>>Childhood Obesity

Childhood Obesity

For children, making healthy choices about food and fitness starts with the influence of their parents or guardians. September is National Childhood Obesity Awareness Month, a reminder for our community to take a moment to learn more about this serious health condition and to encourage healthy growth in our children.

Data from the Centers for Disease Control and Prevention (CDC) states that about 19 percent of children in the United States are obese — that’s one in every five kids — and these children are more likely to be obese as adults. Children with obesity are at higher risk for multiple other health conditions, including heart disease such as high blood pressure or high cholesterol, asthma, sleep apnea, bone and joint issues, cancer and type 2 diabetes.

Moreover, children who are overweight or obese are more likely to be bullied or teased by their peers and suffer from depression, lower self-esteem and social isolation.

According to Renee Weakley, Family Practice Nurse Practitioner at Prowers Medical Center, lack of activity, too much time in front of a screen and sugary foods and drinks are a few of the leading causes of childhood obesity in Lamar and surrounding communities. The CDC states that on top of those factors, genetics, metabolism and community and social factors can also play a role.

However, most of the time, the root of the issue is in the hands of the child’s parents, who are making meal decisions for the family and have the ability to help prioritize physical activity.

“Kids tend to follow what their parents do — if their parents aren’t eating a healthy diet, then they’re not going to either,” Weakley said.

Helping Establish Healthy Behaviors

Getting your child to eat healthy, nutrient-dense foods and participate in regular physical activity are the best ways to either prevent or treat obesity.

“Developing healthy eating as a child promotes healthy eating as an adult and decreases chronic medical conditions,” Weakley said.

Weakley said that at Prowers Medical Center Clinic, Providers and staff encourage children and their parents to remember the 5-2-1-0 rule when it comes to maintaining a healthy weight.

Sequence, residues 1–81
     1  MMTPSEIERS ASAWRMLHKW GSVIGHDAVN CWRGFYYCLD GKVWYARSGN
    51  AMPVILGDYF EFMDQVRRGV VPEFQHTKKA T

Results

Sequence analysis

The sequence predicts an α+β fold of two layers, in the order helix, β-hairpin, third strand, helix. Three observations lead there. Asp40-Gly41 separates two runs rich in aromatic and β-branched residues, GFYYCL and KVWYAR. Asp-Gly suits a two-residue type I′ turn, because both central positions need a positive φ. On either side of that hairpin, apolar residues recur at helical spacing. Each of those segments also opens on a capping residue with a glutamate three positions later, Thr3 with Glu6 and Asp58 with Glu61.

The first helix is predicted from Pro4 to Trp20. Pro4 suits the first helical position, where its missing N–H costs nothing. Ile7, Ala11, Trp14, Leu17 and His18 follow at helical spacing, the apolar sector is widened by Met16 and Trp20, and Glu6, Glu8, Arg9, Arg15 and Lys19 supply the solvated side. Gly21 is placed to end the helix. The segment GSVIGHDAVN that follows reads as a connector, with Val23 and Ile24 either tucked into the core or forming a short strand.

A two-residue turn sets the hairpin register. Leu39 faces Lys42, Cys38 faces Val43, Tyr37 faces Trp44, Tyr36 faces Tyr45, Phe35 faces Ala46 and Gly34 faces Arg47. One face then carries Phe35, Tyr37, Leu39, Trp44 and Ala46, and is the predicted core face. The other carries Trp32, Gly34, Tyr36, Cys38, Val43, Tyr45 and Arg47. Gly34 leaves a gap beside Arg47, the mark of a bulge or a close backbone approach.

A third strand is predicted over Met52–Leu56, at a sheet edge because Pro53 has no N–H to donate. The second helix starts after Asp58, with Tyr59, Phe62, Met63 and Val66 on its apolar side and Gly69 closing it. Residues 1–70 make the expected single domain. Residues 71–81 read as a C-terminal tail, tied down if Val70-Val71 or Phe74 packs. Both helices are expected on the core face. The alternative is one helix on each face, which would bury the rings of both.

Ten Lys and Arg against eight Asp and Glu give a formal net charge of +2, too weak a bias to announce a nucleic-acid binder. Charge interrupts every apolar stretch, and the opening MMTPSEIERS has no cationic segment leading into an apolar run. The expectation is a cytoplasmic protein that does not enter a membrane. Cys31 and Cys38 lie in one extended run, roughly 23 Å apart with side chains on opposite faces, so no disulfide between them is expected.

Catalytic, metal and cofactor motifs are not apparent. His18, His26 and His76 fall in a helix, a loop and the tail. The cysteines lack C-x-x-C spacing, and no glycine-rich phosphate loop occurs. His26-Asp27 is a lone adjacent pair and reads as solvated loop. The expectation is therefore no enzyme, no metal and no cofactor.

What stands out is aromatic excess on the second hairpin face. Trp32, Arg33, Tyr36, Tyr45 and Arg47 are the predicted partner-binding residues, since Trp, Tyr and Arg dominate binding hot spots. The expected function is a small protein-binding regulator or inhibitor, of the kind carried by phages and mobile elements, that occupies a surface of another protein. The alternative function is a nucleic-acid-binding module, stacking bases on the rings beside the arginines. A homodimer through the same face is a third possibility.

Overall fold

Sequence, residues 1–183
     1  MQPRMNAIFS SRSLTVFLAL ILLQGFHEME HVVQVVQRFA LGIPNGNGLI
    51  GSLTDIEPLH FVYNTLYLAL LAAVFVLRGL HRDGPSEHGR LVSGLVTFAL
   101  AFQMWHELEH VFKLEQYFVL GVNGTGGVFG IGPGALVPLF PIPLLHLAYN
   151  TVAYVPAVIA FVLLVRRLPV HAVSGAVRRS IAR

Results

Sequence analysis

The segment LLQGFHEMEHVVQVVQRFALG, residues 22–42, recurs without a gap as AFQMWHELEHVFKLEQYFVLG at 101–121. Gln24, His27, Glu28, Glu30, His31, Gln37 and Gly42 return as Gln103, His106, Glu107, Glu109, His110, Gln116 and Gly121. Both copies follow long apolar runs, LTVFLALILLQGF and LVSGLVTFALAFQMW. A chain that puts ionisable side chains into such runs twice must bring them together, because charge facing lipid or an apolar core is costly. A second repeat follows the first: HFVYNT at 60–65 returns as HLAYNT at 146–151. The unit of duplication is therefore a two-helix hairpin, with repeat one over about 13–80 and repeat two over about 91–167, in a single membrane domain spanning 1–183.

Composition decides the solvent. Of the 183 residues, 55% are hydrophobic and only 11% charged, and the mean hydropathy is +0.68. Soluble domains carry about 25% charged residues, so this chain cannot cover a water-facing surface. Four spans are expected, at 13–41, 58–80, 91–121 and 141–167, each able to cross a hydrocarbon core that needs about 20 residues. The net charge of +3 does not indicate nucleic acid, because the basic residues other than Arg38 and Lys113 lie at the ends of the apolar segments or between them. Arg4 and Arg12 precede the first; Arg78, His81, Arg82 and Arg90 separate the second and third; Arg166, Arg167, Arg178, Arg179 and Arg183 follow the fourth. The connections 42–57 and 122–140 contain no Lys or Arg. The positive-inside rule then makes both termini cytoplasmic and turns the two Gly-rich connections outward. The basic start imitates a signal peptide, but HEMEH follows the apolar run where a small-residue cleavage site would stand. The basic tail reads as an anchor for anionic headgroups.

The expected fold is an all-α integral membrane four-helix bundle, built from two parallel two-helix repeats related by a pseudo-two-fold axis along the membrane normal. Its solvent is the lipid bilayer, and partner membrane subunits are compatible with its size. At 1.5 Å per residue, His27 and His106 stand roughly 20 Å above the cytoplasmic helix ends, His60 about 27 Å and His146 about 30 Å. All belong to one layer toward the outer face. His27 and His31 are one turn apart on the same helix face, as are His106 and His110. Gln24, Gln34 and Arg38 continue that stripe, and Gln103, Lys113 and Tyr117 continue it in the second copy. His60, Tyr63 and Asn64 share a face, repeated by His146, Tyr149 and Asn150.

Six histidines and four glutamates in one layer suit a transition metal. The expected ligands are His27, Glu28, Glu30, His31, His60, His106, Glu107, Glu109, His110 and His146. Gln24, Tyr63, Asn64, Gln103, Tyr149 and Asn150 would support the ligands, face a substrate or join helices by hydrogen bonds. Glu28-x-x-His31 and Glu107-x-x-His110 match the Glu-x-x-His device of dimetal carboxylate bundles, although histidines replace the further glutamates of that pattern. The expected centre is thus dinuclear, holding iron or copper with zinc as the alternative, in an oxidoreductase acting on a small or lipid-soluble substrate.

• 5 — Eat at least five fruits and veggies every day.
    • 2 — Minimize screen time to no more than two hours a day (includes phones, computer, television, video games, etc.).
    • 1 — Get at least one hour of physical activity per day (could be through organized sports, playing outdoors, walking, riding a bike, etc.).
    • 0 — Encourage zero intake of sugary drinks.

In addition to keeping these tips in mind, Weakley also recommends sitting down for a meal as a family instead of eating in front of the TV, which promotes mindful eating, and to limit the amount of sugary drinks and snacks in your home.

“If it’s available in the pantry, kids are going to pick Cheetos or soda over an apple or some sort of other healthy fruit,” Weakley said.

Well Child Checks Play a Role

Annual well child checks are recommended to stay on top of your child’s health and to see if they are growing as they should be. According to the CDC, it’s best to leave it to your Provider in determining whether your child is overweight or not, since no two children are built the same. During a well child check, your Provider  can measure your child’s weight and height and compute their BMI, while also considering their age and growth patterns.

“When I have a patient come in for a well child check, I print off the child’s growth chart for their parents,” Weakley explained. “From there, I can show the parent where their child should be (with regard to weight) and where they actually are.”

It’s important to be honest with your child and talk to them about any and all health risks associated with being overweight or obese, especially if these conditions or other associated diseases run in your family’s history. If your child is overweight or obese, remember to be supportive and to help them in any way you can in getting to a healthy weight.

If you’re still having a hard time getting your child to choose healthy foods, Weakley suggests talking to a licensed Nutritionist for additional assistance. You can also ask your Provider to talk to your child about healthy eating during their well child check.

For more information about Family Practice services at Prowers Medical Center Clinic or to schedule a well child check, call 719-336-6767.


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